Commercial Property

Obstacle – Similarly, many small businesses have been forced to close by state and local stay-at-home orders, which limit their ability to bring in the revenue to pay their rent. Commercial property cannot be financed with a mortgage, so the loan forbearance options through Freddie Mac or Fannie Mae do not apply.

Opportunity – If your property is leased out to a small business(es), then you may want to work with your tenant to make sure that they have applied for the Payroll Protection Program if they are eligible. If your tenants qualify for the PPP, then they can use a portion of those funds to pay their rent, which is a huge relief to you. Similarly, if you currently pay yourself a smaller salary but get more of your income from the rent your business pays to you, the PPP can help your business not only protect your paycheck but also the rent you pay to yourself as long as it is reasonable for the local market.

Staying Prepared For Future Uncertainty

By now, you have noticed that if you have cash and a good credit score, it gives you more flexibility in terms of dealing with this crisis. Here are a few best practices to live by to keep your real estate portfolio in good standing in this and the next crisis:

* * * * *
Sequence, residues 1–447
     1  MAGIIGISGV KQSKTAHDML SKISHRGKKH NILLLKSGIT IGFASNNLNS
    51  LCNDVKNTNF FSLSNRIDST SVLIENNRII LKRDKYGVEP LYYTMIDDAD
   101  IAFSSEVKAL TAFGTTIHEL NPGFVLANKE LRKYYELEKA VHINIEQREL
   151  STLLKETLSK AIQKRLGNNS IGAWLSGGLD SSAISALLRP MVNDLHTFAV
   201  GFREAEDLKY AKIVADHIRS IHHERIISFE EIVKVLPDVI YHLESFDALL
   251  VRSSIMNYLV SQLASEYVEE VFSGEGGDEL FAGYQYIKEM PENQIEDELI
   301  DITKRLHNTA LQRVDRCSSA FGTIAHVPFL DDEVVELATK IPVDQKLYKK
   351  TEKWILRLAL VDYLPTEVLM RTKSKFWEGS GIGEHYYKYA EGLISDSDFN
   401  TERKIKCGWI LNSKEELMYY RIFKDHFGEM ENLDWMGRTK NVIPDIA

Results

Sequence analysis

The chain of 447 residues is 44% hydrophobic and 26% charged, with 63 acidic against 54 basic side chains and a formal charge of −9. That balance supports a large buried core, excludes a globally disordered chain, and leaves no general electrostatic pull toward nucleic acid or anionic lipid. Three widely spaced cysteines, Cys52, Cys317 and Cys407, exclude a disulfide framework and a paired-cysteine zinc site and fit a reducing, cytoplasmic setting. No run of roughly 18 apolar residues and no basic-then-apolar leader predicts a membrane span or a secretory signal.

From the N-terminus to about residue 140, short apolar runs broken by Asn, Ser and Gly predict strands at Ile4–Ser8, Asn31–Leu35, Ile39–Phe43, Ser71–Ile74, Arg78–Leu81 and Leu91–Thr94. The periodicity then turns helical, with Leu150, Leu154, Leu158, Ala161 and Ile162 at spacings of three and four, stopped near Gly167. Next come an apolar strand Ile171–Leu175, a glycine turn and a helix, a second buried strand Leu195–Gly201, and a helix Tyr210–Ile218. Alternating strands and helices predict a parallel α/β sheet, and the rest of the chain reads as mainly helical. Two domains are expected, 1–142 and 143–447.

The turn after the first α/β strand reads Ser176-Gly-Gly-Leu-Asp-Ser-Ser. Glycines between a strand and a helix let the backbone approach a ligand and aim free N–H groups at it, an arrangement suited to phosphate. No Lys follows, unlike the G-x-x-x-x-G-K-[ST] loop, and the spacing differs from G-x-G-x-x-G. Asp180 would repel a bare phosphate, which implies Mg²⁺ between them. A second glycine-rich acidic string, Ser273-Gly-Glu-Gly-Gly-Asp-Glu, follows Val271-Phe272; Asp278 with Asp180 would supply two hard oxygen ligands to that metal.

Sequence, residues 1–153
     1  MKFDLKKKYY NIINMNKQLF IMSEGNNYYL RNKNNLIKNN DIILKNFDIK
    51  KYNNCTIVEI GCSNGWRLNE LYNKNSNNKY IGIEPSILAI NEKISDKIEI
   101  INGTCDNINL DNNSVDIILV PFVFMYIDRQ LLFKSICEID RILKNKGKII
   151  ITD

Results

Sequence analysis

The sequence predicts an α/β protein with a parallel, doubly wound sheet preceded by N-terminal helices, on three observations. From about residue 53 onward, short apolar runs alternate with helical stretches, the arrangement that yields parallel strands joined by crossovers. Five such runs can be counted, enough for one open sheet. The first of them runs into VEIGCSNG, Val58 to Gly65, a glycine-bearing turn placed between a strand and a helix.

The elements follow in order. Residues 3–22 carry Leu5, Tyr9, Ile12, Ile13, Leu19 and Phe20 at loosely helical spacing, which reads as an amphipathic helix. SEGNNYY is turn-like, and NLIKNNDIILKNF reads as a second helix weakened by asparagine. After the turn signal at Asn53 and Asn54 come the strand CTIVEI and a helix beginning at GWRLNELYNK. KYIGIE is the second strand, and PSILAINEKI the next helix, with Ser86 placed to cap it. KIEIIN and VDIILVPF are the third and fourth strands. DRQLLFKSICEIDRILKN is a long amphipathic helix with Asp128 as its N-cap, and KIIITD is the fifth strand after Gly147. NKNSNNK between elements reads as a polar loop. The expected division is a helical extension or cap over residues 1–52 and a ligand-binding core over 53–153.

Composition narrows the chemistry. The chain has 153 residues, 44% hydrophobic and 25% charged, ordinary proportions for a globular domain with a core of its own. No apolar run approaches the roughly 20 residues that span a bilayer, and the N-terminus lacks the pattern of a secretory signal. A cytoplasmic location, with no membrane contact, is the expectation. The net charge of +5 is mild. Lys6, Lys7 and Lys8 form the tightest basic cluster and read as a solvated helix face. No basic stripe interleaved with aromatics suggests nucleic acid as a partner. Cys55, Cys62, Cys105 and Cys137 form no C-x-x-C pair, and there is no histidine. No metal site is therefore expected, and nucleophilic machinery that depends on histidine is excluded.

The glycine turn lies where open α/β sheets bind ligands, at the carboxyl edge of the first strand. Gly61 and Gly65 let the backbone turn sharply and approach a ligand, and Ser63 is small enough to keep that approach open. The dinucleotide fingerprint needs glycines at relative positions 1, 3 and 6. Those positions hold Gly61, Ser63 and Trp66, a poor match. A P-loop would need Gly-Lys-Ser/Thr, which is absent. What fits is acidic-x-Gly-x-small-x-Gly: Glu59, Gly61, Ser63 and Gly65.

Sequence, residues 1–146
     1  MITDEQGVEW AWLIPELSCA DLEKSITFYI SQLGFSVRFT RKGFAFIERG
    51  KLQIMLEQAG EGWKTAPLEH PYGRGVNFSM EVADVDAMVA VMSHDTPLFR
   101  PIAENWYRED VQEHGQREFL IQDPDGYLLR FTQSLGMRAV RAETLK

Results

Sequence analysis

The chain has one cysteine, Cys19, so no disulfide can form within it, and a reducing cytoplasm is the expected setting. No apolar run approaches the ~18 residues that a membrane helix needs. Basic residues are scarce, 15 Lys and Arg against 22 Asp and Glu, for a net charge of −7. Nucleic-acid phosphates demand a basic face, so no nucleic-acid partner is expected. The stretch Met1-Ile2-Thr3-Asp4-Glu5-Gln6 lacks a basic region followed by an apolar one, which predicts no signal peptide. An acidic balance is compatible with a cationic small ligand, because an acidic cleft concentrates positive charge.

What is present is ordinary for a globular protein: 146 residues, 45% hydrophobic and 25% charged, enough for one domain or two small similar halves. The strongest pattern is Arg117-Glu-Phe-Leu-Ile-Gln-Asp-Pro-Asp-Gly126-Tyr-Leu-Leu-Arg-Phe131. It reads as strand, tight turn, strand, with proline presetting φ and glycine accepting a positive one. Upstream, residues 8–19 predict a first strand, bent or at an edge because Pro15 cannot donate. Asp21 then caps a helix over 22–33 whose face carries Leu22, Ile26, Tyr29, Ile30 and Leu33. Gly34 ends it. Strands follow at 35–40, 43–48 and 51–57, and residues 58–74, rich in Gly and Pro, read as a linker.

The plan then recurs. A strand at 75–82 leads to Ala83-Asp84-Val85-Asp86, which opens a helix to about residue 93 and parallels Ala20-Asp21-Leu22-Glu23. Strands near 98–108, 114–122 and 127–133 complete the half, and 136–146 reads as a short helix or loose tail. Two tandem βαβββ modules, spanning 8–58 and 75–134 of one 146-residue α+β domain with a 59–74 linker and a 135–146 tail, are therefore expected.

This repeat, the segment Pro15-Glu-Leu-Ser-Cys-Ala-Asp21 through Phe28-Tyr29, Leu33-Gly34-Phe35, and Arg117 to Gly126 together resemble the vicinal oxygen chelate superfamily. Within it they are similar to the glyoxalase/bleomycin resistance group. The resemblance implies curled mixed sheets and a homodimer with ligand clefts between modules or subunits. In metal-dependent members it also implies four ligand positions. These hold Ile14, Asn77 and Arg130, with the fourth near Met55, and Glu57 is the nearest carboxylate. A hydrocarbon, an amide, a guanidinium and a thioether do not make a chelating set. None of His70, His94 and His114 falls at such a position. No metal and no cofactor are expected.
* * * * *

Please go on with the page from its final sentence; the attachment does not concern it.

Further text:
• Maintain little or no credit card and other high interest debt
  • Maintain a credit score of 740 or higher
  • Maintain enough cash to cover vacancies and maintenance on the target property for a year
  • Maintain enough income to pay the rental property mortgage if there’s a sustained period of vacancy

There is a decent chance that if you make good moves in this market, you can possibly walk out of this with a better real estate portfolio.

Source: https://www.forbes.com/sites/financialfinesse/2020/05/18/how-to-invest-in-real-estate-during-the-pandemic/#115159a8264c

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San Diego Housing Supply Overview